Belgium (Brussels, Morning Newspaper) What if humans could use solar energy directly beamed from space? The European Space Agency (ESA) has signed contracts for two parallel concept studies on commercial-scale space-based solar power plants, in a bid to mature the feasibility of harnessing solar energy from space and use it on Earth for clean energy needs.
The initiative, called Solaris, is based on the idea of gathering solar energy where it is available continuously and in plentiful supply: up in Earth’s orbit. Here, it is unperturbed by local weather or darkness, and can be sent down wirelessly to Earth where it is needed, ESA explained.
“These contracts are for the first European concept studies of Space-Based Solar Power for more than 20 years, so today marks an important step,” said Sanjay Vijendran, ESA’s lead for Solaris, on April 17.
“We are really starting from a blank sheet of paper to get an up-to-date design for what working solar power satellites could look like, sourcing promising ideas from everywhere we can, and leveraging the latest advancements in space and terrestrial technologies.”
Complementing Earth solutions
ESA’s concept complements, rather than competes, with terrestrial renewables since space-based solar energy can make power available reliably on an ongoing 24/7 basis, providing much-needed stability to the electricity grid as the share of intermittent renewables continues to increase, thus reducing dependence on large-scale storage solutions.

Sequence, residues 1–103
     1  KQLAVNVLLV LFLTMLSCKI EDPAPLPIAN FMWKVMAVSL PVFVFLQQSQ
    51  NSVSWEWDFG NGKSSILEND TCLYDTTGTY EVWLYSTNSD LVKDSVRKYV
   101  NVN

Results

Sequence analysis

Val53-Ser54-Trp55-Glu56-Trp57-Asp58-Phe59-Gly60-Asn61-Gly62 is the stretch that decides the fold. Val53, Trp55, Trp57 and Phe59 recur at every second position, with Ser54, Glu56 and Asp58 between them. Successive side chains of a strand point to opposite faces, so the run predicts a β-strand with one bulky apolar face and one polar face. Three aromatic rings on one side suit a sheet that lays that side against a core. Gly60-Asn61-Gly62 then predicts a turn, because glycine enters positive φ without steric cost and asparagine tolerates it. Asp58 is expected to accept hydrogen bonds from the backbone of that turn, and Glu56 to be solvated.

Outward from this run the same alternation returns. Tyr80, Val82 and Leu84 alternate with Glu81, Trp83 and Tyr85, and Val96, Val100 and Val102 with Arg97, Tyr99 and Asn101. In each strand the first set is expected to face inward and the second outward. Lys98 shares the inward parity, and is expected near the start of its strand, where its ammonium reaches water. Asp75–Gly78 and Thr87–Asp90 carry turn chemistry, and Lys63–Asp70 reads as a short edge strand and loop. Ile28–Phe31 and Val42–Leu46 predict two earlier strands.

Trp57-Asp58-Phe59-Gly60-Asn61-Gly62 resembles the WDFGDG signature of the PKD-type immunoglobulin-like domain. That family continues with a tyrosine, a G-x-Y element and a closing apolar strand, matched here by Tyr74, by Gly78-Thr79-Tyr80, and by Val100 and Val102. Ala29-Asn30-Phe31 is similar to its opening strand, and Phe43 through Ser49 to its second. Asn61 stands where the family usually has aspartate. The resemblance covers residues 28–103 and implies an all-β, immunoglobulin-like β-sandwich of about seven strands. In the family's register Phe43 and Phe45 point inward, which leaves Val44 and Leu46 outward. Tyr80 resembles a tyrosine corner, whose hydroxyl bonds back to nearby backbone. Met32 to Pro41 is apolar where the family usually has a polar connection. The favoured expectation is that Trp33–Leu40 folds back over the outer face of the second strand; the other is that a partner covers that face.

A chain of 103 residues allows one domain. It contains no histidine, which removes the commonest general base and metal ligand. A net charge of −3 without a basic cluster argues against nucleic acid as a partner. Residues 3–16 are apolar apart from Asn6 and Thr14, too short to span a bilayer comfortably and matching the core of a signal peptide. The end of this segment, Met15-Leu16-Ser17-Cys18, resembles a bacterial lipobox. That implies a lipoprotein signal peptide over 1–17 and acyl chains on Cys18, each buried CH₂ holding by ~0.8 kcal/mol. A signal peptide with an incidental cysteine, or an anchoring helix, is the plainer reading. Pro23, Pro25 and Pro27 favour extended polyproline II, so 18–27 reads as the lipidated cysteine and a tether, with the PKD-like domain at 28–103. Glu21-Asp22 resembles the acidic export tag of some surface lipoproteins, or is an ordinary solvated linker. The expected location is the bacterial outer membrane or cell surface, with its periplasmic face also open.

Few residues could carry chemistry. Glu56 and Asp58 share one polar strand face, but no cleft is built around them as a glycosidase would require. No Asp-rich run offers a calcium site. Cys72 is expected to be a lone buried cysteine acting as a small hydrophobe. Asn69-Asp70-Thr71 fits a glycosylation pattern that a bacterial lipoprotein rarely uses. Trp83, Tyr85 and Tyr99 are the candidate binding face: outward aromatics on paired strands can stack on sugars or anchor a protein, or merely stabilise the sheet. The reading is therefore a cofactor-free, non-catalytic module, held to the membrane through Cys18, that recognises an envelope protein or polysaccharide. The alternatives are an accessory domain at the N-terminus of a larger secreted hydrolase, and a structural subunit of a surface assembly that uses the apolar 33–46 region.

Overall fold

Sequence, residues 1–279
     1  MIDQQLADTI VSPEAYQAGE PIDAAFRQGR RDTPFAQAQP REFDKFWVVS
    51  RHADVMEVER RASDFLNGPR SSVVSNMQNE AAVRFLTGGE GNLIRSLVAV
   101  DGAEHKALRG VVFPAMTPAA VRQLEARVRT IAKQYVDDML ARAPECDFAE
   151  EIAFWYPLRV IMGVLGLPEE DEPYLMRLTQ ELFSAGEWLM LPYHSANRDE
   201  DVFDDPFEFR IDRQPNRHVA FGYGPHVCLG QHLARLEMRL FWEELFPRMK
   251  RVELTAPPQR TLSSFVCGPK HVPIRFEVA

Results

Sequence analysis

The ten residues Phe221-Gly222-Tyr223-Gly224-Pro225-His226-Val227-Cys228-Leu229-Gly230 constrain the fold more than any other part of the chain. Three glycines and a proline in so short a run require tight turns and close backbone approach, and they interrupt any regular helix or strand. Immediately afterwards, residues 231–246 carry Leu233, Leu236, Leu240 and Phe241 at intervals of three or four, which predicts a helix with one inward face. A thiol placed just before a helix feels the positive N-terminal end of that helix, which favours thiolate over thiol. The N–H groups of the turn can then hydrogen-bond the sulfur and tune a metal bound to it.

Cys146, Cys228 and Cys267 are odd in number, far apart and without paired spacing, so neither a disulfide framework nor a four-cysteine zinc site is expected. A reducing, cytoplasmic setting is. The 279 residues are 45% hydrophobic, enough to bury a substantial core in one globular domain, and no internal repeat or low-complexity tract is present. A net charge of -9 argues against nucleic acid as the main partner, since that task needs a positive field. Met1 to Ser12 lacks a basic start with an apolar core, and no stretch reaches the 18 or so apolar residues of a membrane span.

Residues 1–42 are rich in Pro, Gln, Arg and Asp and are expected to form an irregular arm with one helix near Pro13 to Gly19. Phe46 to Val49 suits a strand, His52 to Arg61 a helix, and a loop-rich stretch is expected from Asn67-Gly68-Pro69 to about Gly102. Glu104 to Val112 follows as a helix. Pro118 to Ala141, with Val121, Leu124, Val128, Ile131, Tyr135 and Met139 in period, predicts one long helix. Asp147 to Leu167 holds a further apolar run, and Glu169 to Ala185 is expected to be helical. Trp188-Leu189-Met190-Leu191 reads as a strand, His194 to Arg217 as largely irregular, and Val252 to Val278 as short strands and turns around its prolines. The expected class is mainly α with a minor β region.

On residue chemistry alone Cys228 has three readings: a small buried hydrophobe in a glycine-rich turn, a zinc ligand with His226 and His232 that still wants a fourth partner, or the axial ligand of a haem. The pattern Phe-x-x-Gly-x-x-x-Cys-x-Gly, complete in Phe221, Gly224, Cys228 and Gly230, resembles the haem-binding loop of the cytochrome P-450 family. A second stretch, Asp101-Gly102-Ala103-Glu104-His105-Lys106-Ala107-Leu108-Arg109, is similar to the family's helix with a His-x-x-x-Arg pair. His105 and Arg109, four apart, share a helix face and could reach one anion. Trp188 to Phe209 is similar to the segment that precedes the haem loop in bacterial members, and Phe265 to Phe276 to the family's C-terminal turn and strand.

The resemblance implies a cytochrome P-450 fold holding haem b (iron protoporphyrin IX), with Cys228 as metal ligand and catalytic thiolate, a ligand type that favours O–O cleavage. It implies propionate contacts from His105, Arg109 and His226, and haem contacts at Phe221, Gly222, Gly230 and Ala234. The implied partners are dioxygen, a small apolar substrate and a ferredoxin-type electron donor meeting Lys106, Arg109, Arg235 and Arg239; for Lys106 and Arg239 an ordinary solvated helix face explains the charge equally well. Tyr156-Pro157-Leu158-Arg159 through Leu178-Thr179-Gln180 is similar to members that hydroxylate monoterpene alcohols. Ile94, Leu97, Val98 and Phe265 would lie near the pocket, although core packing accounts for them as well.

The Solaris initiative counts on the support of energy players such as French electricity utility ENGIE and Italian ENEL as members of the study consortiums.
Their role is to reflect the potential value the energy sector is already seeing in this capability for the future.
“It’s important that we engage the energy sector right from the start of this development and listen to their needs, so we know from the beginning that we are building something that end users will want and use,” said Vijendran.
SOLARIS began as a result of growing global interest in gathering energy from space.
In the US, Caltech university launched a satellite into orbit in January to test key technologies including space-to-space microwave transmission of solar energy.
Japan plans to fly a test mission in 2025, while China has its own project planned for 2028, with a ground-based wireless power transmission test facility already in place.
Meanwhile, the UK government has been in discussion with Saudi Arabia to supply its Neom smart city region with carbon-free electricity from space.
According to Vijendran, there are a lot of fundamental reasons why space-based solar power is more feasible and desirable than ever before: “These include the reduced cost of launch to orbit with the advent of reusable launchers, the reduced cost of satellite hardware through mass production and trends towards very modular solar power satellite designs.”
According to ESA, the Solaris programme should be completed before the end of 2023, and both contracts are being led by Arthur D Little and Thales Alenia Space Italy.
The project was approved by ESA’s Council last November and funding for technological R&D projects will come from ESA’s long-running General Support Technology Programme.
If the results from Solaris are promising, it will help Europe to make an informed decision by the end of 2025 on how to proceed with a full development programme for commercial-scale space-based solar power.